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Aaron Judge: ‘I’m still trying to get consistent’


Aaron Judge leads the Yankees in batting average, hits, home runs, walks, runs batted in, and on-base percentage. 

And he’s not quite satisfied with his numbers. 

“I’m still trying to get hot,” Judge recently told the New York Post. “People keep talking about how well I’m doing, but I look at as I’m still trying to get consistent. I don’t feel like I’ve been consistent all year.”

The 26-year-old outfielder, who won the American League Rookie of the Year award in 2017, has yet to encounter the old and cliched “sophomore slump.” In 41 games (150 at-bats), Judge has slashed .307/.441/.593 with 11 home runs, 10 doubles, and 35 RBI. Although his 56 strikeouts rank third-highest in baseball, his 36 walks also rank third-highest in the league. 

In his last 10 games, Judge is 12-for-36 (.333) with three doubles, four homers, 11 walks and 16 RBI. So, even if Judge has high standards, this stretch indicates that he is, in fact, hot.

Judge has only benefited from Giancarlo Stanton’s presence in the lineup, too. The reigning National League MVP hasn’t lived up to fans’ expectations so far this season, but Judge told the New York Post that his relationship with Stanton is making him a smarter hitter.

“The knowledge he brings from being around the league for eight years has helped,’’ Judge said. “He’s seen a lot of pitchers — and guys in the NL that I haven’t faced a lot — so I pick his brain, since pitchers kind of approach us the same way.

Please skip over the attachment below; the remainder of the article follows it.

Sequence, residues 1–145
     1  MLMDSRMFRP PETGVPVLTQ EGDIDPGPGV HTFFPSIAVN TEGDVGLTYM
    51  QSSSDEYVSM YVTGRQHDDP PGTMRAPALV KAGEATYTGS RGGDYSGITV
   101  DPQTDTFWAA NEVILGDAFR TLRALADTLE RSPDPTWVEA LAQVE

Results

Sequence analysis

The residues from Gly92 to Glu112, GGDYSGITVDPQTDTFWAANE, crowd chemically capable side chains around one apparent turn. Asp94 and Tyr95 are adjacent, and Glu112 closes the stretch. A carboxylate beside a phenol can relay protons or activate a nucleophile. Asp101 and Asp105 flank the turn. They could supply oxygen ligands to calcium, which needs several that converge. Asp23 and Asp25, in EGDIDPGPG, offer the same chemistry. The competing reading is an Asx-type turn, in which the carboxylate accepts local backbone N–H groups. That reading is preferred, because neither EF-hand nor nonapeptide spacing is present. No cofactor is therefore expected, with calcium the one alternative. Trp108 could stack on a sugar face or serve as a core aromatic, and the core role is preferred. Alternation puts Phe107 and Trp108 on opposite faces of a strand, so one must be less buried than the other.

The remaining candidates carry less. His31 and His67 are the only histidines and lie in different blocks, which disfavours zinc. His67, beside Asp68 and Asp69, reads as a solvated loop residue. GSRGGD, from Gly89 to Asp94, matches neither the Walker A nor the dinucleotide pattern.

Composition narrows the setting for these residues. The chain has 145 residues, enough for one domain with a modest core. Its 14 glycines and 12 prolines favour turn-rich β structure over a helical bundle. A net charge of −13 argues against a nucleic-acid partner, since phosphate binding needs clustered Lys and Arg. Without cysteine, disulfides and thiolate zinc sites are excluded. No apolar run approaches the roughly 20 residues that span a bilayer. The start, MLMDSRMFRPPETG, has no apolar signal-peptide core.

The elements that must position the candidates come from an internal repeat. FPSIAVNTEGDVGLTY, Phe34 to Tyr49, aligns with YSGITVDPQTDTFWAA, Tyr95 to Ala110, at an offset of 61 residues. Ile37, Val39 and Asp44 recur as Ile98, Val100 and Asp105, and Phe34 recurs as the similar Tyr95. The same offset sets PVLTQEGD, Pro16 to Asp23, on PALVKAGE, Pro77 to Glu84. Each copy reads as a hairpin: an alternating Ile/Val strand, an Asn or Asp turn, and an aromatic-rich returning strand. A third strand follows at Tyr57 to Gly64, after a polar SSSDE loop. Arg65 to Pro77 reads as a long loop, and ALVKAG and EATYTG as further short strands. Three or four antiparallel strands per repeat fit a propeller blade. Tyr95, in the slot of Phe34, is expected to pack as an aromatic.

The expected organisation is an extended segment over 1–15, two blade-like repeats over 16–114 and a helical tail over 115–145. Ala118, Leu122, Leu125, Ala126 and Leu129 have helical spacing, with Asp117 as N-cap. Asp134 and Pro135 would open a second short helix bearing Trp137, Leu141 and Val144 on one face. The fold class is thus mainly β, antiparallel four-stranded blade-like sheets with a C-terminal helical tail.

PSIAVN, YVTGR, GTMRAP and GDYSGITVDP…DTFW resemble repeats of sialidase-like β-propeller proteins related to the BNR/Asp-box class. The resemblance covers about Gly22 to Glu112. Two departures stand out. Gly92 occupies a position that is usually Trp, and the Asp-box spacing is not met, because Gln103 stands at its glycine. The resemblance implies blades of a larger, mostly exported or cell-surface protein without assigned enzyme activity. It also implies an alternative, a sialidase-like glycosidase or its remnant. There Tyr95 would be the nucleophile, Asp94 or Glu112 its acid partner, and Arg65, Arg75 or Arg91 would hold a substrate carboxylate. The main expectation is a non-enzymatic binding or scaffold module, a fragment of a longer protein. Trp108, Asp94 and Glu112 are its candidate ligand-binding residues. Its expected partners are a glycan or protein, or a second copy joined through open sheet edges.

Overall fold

“It’s been all the same since my first year in pro ball. Hard in, soft away. That’s the book they’ve used since my first couple games in the minor leagues. It hasn’t changed. People do make adjustments, like if you hammer a couple pitches in, then they’ll throw hard stuff away and go backwards, but for the most part it’s usually the same. It’s just getting the right pitches and hitting the mistakes.’’

Not only has Judge become a smarter hitter, but he’s also become more patient and disciplined. According to Fangraphs, Judge has the seventh-lowest zone rate in baseball, which means he’s laying off pitches located low in the zone. Judge’s adjustments have also made him able to use more of the field, as his pull-rate has dropped from 41-percent last season to 36-percent this season. Plus, he has a .400 average against sliders in 2018. Last season, it was .149. 

Judge has been turning his weaknesses into strengths, and this could explain why he’s set the bar so high. 

“If pitchers execute the right pitches on the corner or low at the knee or the very top of the strike zone, you’re never gonna have success off that,’’ Judge told the Post. “You have to hunt the mistake and don’t miss it. The pitchers we face are pretty careful with the lineup we have. With [Stanton], Gary [Sanchez] and me, you’re only gonna get maybe one pitch a game where we can really do damage on. You can’t miss it or it’s gonna be a long day.

“My main goal is to be a consistent part of this lineup and I feel at times, it could be better,’’ Judge said. “I need to get on a little hot streak.”

Apparently, reaching base safely in 21 of 25 games isn’t hot enough. 


If you want to connect with Tom Hanslin, email him at [email protected] or follow him on Twitter @tomhanslin.


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